Lost in Yani Tseng’s dominant victory at the Women’s British Open was a strong performance by American Brittany Lang.
Playing two groups ahead of leaders Tseng and Caroline Masson on the final day, Lang tore through the links at Carnoustie to the tune of 5-under, which was tied for second-best round of the day. Tseng was too far ahead for Lang to catch, but her solo second was the best of her career in a major. (She tied for second at the 2005 U.S. Open.)
“I have really been hitting the ball well and playing pretty well for a couple months,” said Lang in a phone interview Tuesday. “I just haven’t really been scoring … just not getting anything out of my game.”
“Since I turned pro, I would probably say yes (it has been my best event) because it’s a major, it’s a big stage. Closing with 5 under coming down the stretch and hitting some of the shots I hit … it was probably my best.”
The effort was at the opposite end of the spectrum from her previous two tournaments. She finished T50 at the U.S. Open then followed that with a T62 at the Evian Masters. The latter was just made a major on the LPGA Tour for next season, bringing the tour’s number of majors to five.
The move received some criticism on this side of the Atlantic. Some golf writers panned the naming of a fifth major as a mere money grab by the LPGA. Some moaned that a major championship can’t be “declared” but must be born out of tradition.
Lang, for one, vehemently disagrees with those notions.
“The Evian Masters, they do have the tradition,” she said. “They run a phenomenal event. It’s a beautiful venue and they have the tradition. They (the organizers) value that tournament. They put a lot of time and energy into it. That’s their baby.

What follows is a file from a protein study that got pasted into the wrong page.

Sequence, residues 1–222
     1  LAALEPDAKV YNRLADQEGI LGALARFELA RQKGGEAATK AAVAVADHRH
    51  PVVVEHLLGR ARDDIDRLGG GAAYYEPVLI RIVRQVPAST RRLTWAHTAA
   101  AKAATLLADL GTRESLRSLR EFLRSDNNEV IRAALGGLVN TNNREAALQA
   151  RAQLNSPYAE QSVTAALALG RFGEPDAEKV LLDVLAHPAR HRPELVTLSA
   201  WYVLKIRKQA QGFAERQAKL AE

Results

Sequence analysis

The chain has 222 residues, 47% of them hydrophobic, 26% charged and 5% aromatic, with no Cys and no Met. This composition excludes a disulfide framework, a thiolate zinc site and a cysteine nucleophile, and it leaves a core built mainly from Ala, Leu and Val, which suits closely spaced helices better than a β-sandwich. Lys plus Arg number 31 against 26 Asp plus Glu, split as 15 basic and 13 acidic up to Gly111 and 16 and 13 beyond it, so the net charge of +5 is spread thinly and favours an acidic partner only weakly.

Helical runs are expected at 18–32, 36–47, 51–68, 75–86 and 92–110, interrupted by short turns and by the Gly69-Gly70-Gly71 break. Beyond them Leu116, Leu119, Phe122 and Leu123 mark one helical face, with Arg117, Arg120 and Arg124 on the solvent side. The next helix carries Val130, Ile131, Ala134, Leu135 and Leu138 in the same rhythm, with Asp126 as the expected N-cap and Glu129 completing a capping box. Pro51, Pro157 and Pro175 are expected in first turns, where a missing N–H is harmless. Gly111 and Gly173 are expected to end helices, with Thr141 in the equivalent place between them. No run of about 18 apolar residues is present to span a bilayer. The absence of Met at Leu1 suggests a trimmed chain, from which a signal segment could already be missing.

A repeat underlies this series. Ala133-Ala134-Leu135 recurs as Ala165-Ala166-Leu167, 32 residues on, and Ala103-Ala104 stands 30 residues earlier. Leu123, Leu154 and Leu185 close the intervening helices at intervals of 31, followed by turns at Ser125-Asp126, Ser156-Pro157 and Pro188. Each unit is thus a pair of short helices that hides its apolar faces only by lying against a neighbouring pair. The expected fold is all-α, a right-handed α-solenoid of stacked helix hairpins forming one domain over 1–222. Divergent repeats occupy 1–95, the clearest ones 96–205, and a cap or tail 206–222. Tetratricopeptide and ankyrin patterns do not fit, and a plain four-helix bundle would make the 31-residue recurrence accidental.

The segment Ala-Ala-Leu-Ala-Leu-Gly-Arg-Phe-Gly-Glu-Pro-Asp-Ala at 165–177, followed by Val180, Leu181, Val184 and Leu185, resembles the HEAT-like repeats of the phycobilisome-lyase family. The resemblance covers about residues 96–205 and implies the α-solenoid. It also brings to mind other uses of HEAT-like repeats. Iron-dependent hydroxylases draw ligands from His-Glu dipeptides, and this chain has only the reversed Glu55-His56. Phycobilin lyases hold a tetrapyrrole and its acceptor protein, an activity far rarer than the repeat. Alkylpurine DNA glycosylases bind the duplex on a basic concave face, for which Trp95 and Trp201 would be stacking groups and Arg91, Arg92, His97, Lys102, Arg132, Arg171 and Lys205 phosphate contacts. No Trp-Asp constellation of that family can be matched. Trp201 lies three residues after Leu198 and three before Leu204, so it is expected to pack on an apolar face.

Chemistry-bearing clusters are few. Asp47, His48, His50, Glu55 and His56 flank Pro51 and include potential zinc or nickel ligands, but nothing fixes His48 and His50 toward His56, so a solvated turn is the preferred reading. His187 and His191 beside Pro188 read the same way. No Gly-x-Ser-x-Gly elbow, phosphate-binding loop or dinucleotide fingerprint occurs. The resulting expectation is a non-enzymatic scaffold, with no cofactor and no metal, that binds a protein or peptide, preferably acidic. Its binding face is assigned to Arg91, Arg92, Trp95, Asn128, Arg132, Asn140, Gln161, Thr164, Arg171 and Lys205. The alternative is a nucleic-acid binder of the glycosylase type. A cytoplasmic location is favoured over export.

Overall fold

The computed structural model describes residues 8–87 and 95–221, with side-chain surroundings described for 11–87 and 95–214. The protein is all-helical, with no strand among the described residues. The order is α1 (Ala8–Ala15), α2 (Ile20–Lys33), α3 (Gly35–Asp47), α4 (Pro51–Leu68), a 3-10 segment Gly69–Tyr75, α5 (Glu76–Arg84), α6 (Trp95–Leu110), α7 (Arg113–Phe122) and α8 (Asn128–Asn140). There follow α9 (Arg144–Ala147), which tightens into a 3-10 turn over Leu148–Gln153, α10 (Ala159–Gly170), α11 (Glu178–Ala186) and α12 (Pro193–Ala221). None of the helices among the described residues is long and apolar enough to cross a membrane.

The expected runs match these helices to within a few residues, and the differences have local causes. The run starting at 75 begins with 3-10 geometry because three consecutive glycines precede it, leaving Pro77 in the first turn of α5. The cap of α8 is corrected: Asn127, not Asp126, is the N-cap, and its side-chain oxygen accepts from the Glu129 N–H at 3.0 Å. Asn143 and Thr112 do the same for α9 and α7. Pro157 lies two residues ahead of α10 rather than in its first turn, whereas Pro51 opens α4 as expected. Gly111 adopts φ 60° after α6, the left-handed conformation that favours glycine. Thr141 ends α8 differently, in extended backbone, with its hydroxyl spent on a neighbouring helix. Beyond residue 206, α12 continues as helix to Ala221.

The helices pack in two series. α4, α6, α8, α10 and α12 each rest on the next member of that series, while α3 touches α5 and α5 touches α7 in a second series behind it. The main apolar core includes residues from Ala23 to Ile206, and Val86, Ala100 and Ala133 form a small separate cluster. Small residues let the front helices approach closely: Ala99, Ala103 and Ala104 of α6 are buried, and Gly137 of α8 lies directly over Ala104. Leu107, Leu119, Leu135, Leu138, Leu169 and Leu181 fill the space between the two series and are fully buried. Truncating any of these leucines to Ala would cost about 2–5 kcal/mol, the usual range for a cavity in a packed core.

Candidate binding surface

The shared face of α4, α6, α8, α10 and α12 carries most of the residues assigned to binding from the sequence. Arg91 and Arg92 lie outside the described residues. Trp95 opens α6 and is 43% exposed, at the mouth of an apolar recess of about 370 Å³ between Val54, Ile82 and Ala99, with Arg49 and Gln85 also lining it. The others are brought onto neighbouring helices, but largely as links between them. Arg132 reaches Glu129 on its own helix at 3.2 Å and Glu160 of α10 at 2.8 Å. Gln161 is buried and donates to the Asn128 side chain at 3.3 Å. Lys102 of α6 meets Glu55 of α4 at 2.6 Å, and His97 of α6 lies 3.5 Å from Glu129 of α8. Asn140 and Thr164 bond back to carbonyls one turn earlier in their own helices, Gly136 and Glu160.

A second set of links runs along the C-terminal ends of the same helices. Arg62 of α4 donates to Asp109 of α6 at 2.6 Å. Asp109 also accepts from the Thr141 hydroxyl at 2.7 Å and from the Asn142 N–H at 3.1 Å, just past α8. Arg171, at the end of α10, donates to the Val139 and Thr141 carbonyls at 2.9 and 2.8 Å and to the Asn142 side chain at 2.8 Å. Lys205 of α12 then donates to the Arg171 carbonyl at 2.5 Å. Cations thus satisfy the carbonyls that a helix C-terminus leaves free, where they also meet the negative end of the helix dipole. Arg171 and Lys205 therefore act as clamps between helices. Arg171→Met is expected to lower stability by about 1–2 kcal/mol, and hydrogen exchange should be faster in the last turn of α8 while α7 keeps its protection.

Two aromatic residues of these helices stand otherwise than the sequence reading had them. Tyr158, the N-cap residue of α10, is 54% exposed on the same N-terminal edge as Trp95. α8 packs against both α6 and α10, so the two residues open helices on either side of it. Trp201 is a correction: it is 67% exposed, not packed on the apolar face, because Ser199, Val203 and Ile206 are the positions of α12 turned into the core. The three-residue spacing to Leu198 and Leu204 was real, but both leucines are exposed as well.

“I would disagree that it’s not born from tradition. It should have been a major a lot sooner. Its not the LPGA trying to make money, it’s the LPGA respecting the tournament.”
Lang might not have had a successful run at the Evian Masters, but she has had plenty of good tournaments overseas – as the British Open proved. In a few weeks, the LPGA Tour will enter a stretch where it will play several events away from the USA – many in Asia.
Lang is hoping to keep her momentum from Carnoustie going for the rest of the season in search of her first LPGA Tour victory. More than anything mechanical, Lang said her mental strength enabled her to put up low numbers at Carnoustie.
“Mentally I was very strong that week,” she said. “That was probably the biggest difference. My mind was very sharp.”
And a little confidence built from her performance won’t hurt either.
“I had worked really hard,” Lang said. “It’s a huge confidence booster. We’ve been working hard on fundamentals and my mind. It’s big to be on that big of a stage and play that well.”
– Chuck Curti